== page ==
What's new to note is the growth in applications support for Linux, which is quietly becoming one of many proof points that the OS is evolving from an edge-of-network novelty to a can't-ignore server environment for business software. As the number of ISVs porting or outright building their apps to Linux rises, their solution-provider partners and integrators would be wise to put Linux deployment skills training on their to-do lists. Done right, you can make some money in the open-source universe by appealing to more customers,as long as you navigate some technical and business challenges and partner wisely.

"You've got a mix of applications, proven results of open source coming from the maturity of the operating system, and a vast body of people looking at Linux as a way to save money, space and have more control over source code," says Jeffrey J. Hewitt, principal analyst at Dataquest. "Linux isn't stealing share yet, but there is quite a bit of replacement happening out there."The statistics don't lie: Gartner reports that Linux-based server shipments grew from 425,000 in 2002 to 660,000 in 2003, a whopping 25 percent of the server OS market today. The analyst firm predicts that number to rise to 1.5 million shipments by 2008. Technically, Linux's core developers have made its source code kernel more enterprise-palatable. A new release, version 2.6, sports key enhancements around database support, performance and clustering that will appeal to CIOs who want assurances that the OS is robust enough to run mission-critical systems.

"A few years ago, when we said that Linux was ready for the enterprise, it was considered a joke," said IBM chairman and CEO Sam Palmisano in his recent keynote speech at PartnerWorld. "Well, things have changed."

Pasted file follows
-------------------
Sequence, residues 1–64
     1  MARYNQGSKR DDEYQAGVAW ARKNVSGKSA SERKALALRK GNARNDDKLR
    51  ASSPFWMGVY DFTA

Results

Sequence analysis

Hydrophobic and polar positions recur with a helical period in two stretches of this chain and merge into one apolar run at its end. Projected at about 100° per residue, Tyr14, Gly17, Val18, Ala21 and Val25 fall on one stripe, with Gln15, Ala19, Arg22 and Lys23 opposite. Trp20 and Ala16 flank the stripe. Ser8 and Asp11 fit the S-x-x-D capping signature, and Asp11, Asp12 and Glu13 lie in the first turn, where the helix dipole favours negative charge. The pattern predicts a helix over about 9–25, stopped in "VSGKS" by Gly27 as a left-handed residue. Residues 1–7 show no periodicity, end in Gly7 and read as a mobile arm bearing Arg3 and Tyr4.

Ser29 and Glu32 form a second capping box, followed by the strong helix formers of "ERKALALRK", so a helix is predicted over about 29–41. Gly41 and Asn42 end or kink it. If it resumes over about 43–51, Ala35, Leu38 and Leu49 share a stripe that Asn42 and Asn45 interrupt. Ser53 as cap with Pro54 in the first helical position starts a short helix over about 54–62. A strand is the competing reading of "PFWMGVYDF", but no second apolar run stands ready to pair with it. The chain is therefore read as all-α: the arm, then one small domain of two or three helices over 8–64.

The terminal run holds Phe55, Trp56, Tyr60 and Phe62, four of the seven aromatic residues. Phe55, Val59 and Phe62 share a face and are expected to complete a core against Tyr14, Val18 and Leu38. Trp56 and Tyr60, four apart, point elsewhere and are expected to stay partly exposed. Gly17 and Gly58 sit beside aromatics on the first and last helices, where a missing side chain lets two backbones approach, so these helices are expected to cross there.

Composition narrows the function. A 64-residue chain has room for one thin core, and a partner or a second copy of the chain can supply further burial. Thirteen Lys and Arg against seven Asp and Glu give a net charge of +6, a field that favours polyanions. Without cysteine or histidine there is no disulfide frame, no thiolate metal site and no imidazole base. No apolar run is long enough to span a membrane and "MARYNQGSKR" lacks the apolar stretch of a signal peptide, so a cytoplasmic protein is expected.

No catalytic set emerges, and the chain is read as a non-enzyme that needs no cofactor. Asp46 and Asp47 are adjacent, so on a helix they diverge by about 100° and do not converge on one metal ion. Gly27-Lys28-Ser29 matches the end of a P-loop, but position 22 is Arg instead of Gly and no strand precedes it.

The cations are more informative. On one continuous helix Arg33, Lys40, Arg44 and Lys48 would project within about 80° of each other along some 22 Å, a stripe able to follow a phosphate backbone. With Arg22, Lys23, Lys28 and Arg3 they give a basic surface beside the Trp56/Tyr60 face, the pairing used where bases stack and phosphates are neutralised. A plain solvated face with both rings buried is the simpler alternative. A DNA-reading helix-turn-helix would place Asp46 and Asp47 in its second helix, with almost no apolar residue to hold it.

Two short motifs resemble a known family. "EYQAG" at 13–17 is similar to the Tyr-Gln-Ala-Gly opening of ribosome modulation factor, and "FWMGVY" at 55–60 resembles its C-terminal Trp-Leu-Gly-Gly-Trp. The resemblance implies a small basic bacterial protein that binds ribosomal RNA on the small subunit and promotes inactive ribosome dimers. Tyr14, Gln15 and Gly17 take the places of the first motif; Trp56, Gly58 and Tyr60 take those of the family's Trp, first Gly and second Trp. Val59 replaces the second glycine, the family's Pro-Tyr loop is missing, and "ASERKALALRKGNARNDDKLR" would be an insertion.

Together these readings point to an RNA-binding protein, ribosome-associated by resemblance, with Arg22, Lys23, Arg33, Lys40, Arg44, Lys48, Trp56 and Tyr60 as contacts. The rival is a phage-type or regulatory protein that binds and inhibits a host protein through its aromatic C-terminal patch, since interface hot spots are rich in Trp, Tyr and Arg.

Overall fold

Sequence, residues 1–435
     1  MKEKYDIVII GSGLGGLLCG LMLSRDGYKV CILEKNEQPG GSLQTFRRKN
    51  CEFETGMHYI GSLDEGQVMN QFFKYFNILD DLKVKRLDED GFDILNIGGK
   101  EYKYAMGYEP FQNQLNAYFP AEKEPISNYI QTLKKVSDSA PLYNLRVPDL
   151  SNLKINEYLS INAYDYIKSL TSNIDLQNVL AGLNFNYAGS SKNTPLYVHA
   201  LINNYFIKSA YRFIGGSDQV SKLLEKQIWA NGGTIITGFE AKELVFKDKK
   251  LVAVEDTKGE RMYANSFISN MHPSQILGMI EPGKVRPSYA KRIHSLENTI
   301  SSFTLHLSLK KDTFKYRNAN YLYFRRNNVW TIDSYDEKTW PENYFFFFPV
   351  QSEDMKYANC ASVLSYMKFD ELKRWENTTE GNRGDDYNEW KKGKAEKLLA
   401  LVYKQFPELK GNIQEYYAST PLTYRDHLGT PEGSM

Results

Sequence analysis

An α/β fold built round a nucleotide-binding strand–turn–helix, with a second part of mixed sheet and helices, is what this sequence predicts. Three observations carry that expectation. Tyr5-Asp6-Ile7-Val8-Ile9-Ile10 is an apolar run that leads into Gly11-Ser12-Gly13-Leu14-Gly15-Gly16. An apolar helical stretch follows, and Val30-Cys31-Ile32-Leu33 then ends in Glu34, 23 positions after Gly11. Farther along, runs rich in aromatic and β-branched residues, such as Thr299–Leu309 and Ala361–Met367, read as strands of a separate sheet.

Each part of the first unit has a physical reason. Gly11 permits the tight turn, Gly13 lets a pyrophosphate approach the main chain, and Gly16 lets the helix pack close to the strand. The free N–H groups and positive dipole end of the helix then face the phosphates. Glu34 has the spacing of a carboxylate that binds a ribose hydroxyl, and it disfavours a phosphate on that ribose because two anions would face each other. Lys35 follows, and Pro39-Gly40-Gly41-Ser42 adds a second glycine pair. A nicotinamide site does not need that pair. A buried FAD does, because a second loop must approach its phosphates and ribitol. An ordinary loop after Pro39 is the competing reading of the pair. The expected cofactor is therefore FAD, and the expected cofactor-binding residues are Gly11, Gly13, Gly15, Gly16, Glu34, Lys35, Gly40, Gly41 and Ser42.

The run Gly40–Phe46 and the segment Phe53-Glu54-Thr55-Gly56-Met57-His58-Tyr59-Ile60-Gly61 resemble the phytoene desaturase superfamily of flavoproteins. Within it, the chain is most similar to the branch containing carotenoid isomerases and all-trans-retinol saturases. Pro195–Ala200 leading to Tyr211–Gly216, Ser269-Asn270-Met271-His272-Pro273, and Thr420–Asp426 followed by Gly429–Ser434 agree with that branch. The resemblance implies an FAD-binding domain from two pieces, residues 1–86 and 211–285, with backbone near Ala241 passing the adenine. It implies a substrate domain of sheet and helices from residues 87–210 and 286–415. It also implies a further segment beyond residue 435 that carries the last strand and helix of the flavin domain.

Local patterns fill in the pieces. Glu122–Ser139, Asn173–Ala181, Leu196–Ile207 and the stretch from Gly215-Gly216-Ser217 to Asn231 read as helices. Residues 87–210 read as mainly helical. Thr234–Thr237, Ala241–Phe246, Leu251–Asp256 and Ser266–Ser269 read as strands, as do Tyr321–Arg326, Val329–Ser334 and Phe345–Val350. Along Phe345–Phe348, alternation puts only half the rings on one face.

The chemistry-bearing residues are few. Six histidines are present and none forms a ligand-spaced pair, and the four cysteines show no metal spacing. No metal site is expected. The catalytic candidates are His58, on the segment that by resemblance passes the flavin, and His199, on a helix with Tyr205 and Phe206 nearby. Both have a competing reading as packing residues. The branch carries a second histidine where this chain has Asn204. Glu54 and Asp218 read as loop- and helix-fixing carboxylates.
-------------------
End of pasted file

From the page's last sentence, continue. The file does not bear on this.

ISV OpportunityMicrosoft has made a fine living signing up ISVs in its own variation on the '80s credo on greed, "He who dies with the most toys, wins." In its case, the toys are applications. With thousands upon thousands of desirable Windows business programs in the marketplace, customers have almost no choice but to turn to the Windows infrastructure that runs them.

But make no mistake. As mainstream Linux apps such as ERP, human resources, accounting and CRM become more available, customers will respond in kind. And the platform players are well aware of the opportunity to expand their own universe through the proliferation of Linux applications. IBM, Novell and BEA are courting ISVs heavily to write to Linux and then ride on top of their respective stacks of middleware and services. Cornelius Willis, vice president of developer marketing at BEA and a former Microsoft executive who contributed to the development of Visual Basic, says that Linux "changes the whole game for developers" in terms of giving them a deployment choice in the J2EE environment that is as affordable and potentially widely distributed as Microsoft's platform.

Meanwhile, on the other side of the ISV equation, software companies that sell business applications say they are getting nudged by customers that are eager to kick the Linux tires for much more mainstream uses than today's typical deployment in a standalone firewall appliance."For the first time, I have started to see major enterprises asking us to push Linux from a typical border role to something more strategic and inside the network," says Benson Miller, a managing consultant at Logicalis, a Largo, Fla., solution provider and IBM partner that builds custom applications for clients in industries such as telecom.

Indeed, Gartner says more companies are using Linux to run business applications, databases and app servers, evolving beyond the single-purpose usage of the past, such as Web servers and security appliances.

That said, Linux isn't for everything and it isn't going to bump Microsoft off its perch anytime soon. But for ISVs and integrators, it is emerging as a platform not to be ignored. Some things to consider as you move down this road: As an ISV, it is far easier to port to Linux from a basic C or C++ or Java code base than from Visual Studio, Visual Basic, C# or .Net. So if you are considering a new app from scratch, choosing from cross-platform tools in terms of your development strategy leaves the Linux option wide open. As a solution provider, Linux should be viewed as more than a Microsoft alternative. In fact, the biggest opportunity abounds in migrating Unix to Linux, an attractive proposition for customers seeking hardware savings and overall consolidation. The Linux code base shares many similarities with Unix, making the migration easier, and partners can take their customers off expensive Unix hardware and onto Intel.